One of the questions I’m most frequently asked in Korea is, “How old are you?”  Korea has very strong roots in Confucianism, therefore seniority based on age is very prevalent not in just people’s relations with one another but also in companies, schools and sports teams.  Even if the age difference is only one year, the younger person is expected to respect to their elder through speech, body language and gestures, no matter what.  I still find myself in a state of shock when Ahjummas (older Korean women) literally push, shove, and elbow their way through a crowd or step in front of you not just in line, but when you are actually at a ticketing window, despite the fact that you might be midway through a transaction.  When taking a look around after witnessing this, however, no one bats an eyelash at how rude those actions may be.  It’s just the way it is.  You’ll see younger people bowing to their elders and addressing them with certain titles and formal language to distinguish rank.  It is also customary to pour drinks for those older than you and to let them eat, sit and stand before you as well.  Unfortunately (at least that’s they way I see it) this ranking system plays a very large role in the business world as well–positions, pay and ranking almost always go hand in hand with age, regardless of experience.

Adding to the complexity of Korea’s hierarchical system is the difference between Korean age and Western age.  Koreans believe you are born at age one (that’s a really long pregnancy…) and they do not use their birth date to determine when they turn a year older.  Instead, everyone turns one year older the first day of the new year, January 1.  I have not been in Korea to ring in the new year yet, but I wonder if it feels like one giant birthday party?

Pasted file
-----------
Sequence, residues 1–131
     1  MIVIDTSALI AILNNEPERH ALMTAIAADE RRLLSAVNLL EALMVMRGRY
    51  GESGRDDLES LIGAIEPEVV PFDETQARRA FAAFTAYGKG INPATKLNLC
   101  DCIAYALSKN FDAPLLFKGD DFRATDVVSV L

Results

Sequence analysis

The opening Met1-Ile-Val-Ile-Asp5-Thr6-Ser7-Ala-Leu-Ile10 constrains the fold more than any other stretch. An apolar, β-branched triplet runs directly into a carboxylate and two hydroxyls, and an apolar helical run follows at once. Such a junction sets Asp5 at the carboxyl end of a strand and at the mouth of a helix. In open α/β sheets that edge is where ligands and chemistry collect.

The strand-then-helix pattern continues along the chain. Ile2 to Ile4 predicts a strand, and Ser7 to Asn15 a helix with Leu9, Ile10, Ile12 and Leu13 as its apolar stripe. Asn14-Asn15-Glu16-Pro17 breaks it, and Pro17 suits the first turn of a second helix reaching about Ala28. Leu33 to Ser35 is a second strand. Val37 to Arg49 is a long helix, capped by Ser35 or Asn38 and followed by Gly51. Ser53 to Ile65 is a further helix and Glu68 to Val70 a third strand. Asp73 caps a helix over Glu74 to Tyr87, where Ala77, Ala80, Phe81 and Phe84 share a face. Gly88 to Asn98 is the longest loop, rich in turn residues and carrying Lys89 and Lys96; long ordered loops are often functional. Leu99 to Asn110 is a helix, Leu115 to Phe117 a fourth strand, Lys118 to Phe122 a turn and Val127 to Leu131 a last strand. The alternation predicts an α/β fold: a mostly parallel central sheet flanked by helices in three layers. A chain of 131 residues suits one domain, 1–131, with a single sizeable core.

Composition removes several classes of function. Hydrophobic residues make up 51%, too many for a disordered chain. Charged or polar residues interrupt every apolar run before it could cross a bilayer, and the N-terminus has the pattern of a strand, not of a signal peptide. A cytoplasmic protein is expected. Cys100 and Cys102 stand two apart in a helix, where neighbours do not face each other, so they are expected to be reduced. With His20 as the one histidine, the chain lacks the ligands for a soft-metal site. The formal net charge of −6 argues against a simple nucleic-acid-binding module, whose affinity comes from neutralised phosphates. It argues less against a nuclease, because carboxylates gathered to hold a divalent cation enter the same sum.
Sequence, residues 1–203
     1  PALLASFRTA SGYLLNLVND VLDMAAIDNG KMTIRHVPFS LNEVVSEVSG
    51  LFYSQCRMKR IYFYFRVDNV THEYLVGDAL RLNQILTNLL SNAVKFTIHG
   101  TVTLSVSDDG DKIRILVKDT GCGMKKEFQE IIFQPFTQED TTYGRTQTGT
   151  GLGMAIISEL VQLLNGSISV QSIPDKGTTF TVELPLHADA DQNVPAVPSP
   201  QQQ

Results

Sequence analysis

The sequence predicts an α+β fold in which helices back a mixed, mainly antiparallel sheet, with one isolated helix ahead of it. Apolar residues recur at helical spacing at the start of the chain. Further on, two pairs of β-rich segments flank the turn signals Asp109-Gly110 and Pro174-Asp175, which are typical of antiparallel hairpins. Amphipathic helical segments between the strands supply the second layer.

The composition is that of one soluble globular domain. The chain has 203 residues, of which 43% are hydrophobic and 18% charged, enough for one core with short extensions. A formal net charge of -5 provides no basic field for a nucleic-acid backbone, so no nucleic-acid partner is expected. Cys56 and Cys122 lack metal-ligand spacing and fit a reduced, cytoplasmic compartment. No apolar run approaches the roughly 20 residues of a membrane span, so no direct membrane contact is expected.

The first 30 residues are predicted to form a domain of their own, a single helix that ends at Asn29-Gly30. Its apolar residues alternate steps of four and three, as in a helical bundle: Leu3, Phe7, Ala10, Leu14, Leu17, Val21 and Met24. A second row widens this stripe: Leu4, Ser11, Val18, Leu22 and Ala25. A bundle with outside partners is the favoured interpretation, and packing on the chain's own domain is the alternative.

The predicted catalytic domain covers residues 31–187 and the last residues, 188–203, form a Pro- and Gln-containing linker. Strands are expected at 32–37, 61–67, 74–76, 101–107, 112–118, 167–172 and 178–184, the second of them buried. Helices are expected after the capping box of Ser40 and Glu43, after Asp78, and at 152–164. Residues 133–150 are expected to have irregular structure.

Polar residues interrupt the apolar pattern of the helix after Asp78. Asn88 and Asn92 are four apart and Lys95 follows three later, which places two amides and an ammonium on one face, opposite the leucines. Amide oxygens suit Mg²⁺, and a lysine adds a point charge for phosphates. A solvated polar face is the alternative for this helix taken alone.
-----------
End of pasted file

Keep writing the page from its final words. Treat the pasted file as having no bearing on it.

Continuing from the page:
I turned 30  not long after arriving in Korea, which means I was actually already 30 in Korean age when I got here and am now 31…I think I’ll stick with Western age.  However, I usually get a surprised response when I reveal my age, which I’ll take as a good thing.  Upon meeting my co-teacher for the first time after she asked how old I was, she responded, “Oh, wow.  Westerners usually look old, but you don’t.  You must eat a lot of vegetables.”  Yes, I do.  And I think the kimchi is now helping out as well.

Some friends surprised me with a cake topped with sparklers for my 30th birthday in Korea.

Some friends surprised me with a cake topped with sparklers for my 30th birthday in Korea.

Advertisements